Buying a House: Part II – Down Payment

Based on my last blog, you should have a rough idea of what you can afford. Now can you save the required down payment to purchase your first house? Boosting your savings rate from 10% to 15% of your gross family income will give you a better chance of achieving your goal.

Don’t forget about closing costs! Multiply 3% of the house price for lawyer fees, house insurance, title insurance and land transfer tax. Depending on your closing date you may need to pay some pre-paid expenses like property taxes.

To reach your savings goal, I strongly recommend a forced saving plan. Allocate a set amount of your weekly or bi-weekly pay check into a RRSP to take advantage of the first time “Home Buyers’ Plan”!

Advantages

  • Tax free personal withdrawal of $25,000 ($50,000 per couple)
  • Interest free loan
  • Refunds can be added to your saving plan
  • You have 15 years to repay the withdrawals
  • Income on investments grows tax free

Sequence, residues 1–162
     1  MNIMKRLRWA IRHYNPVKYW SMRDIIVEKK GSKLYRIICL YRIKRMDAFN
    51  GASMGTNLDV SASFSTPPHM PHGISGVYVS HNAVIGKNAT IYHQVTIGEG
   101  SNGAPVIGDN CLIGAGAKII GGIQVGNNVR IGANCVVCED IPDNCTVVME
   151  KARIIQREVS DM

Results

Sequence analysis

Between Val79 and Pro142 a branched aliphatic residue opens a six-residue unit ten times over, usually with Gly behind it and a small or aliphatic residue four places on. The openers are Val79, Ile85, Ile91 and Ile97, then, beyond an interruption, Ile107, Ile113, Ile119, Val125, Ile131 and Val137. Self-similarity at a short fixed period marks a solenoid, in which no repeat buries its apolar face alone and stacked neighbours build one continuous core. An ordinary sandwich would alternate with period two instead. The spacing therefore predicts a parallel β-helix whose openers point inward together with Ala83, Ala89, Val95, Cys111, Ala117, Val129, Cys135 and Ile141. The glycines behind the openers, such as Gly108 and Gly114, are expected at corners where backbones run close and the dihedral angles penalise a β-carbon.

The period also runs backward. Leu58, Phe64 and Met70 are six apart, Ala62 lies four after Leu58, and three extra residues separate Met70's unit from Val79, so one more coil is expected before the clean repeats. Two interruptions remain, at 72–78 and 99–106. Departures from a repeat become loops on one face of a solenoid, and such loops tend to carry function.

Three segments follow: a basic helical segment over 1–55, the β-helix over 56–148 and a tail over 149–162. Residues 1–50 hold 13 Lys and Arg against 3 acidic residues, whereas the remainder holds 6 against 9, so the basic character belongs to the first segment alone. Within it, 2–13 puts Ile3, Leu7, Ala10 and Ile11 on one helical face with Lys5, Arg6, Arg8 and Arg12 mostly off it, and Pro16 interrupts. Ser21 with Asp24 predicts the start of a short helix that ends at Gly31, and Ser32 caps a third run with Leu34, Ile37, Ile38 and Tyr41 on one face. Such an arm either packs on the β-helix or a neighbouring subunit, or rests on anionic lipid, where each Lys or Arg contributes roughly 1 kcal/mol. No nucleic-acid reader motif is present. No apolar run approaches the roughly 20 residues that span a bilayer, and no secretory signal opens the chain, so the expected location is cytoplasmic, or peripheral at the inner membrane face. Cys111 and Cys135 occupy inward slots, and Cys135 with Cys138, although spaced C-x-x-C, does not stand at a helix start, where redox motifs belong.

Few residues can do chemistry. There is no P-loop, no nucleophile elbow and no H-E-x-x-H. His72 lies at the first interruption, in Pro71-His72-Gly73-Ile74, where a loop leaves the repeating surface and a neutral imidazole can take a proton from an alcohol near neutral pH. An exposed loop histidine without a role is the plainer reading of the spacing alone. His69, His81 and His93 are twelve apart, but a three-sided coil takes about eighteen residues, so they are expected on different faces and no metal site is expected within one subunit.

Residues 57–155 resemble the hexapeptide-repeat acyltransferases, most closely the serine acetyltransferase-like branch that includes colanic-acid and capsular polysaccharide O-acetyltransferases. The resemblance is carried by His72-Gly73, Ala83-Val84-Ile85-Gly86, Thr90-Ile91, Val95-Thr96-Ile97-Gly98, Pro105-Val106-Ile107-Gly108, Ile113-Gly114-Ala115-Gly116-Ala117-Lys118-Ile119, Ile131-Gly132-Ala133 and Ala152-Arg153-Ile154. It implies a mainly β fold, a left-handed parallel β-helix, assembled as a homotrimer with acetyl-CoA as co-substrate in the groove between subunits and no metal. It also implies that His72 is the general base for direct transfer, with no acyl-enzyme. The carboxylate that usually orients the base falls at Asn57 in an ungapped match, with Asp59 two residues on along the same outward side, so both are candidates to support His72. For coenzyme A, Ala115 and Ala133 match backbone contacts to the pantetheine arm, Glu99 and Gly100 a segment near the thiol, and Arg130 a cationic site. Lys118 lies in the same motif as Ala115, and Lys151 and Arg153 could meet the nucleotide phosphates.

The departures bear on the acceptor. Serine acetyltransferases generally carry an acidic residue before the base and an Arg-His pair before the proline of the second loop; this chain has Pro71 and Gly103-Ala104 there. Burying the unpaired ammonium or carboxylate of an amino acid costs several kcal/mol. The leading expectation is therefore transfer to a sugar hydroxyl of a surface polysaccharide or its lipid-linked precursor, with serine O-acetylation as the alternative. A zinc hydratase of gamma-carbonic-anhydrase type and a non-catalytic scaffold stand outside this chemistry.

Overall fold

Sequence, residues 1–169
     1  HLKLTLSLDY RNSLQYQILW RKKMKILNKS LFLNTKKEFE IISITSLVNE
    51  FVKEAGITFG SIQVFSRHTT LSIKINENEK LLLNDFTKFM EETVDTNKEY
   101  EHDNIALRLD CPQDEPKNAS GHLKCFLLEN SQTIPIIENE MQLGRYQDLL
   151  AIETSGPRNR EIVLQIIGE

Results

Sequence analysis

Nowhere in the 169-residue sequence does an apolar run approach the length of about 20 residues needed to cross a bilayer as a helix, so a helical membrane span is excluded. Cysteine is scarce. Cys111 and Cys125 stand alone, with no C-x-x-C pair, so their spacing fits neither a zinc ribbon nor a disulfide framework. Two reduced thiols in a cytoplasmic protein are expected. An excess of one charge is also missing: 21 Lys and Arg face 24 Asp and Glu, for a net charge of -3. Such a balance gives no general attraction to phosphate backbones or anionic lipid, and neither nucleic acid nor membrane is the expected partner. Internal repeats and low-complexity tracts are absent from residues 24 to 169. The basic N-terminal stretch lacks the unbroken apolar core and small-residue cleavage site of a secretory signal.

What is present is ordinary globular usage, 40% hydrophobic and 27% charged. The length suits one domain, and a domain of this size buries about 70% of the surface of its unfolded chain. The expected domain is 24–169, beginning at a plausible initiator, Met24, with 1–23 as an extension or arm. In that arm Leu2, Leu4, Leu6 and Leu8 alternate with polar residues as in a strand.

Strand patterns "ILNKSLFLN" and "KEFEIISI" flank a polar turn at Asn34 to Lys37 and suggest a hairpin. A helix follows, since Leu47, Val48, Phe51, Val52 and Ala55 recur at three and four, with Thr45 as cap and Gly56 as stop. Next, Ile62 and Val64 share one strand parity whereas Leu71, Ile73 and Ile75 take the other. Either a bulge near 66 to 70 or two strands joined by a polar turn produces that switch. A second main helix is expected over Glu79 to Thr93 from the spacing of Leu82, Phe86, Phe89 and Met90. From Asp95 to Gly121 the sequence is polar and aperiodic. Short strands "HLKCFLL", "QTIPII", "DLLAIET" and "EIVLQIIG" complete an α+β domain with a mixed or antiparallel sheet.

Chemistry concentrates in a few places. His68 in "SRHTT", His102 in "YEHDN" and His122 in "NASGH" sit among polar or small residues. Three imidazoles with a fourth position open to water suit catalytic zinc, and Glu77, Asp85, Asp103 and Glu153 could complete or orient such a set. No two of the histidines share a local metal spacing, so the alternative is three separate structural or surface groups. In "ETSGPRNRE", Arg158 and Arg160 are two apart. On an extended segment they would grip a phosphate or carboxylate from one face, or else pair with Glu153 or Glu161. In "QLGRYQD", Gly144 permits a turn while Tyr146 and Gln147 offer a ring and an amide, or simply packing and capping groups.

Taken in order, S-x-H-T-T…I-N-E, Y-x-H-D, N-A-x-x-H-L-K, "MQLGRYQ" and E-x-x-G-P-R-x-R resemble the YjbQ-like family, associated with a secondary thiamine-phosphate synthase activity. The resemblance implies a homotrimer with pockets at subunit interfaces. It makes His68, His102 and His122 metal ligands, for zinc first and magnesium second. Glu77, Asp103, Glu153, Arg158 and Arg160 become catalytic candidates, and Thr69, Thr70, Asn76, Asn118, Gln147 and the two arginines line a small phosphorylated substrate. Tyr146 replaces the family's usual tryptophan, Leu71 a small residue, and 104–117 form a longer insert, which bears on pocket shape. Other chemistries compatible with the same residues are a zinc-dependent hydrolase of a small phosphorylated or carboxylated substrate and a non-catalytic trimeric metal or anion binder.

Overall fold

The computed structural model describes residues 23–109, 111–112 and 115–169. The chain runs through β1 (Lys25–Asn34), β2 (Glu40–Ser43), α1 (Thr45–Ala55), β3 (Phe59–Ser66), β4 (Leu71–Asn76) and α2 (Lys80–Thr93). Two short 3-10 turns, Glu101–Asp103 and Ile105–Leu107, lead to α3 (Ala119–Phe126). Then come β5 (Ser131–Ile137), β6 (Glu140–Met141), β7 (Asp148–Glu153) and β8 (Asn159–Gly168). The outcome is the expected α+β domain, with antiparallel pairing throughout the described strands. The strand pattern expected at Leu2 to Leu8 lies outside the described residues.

• No withholding tax on withdrawals

Disadvantages

  • Your retirement plan will lose income
  • A missed repayment will be added to your income
  • Must make an annual repayment of 1/15 of the withdrawal

Check out the CRA web site to see if you qualify as a first time home buyer. Plus have a good look at their withdrawal and pay back conditions. Contributing $50,000 over time into RRSPs could result in adding another $10,000 to $15,000 to your down payment.

Saving for a down payment can be reachable. It would only take three years to save $25,000 by transferring $700 a month into your RRSP. Save the refund and a couple could have $65,000 for a down payment.

Don’t wait to find your soul mate, start saving now, so that you and your soul mate will have someplace to live.

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